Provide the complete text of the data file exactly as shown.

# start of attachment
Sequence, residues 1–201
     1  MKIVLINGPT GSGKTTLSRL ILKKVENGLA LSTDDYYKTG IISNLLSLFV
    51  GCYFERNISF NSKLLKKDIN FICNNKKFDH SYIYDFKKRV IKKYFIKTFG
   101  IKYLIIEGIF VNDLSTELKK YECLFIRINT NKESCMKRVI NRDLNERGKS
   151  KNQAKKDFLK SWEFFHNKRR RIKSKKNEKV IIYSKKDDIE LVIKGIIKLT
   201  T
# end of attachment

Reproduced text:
Sequence, residues 1–201
     1  MKIVLINGPT GSGKTTLSRL ILKKVENGLA LSTDDYYKTG IISNLLSLFV
    51  GCYFERNISF NSKLLKKDIN FICNNKKFDH SYIYDFKKRV IKKYFIKTFG
   101  IKYLIIEGIF VNDLSTELKK YECLFIRINT NKESCMKRVI NRDLNERGKS
   151  KNQAKKDFLK SWEFFHNKRR RIKSKKNEKV IIYSKKDDIE LVIKGIIKLT
   201  T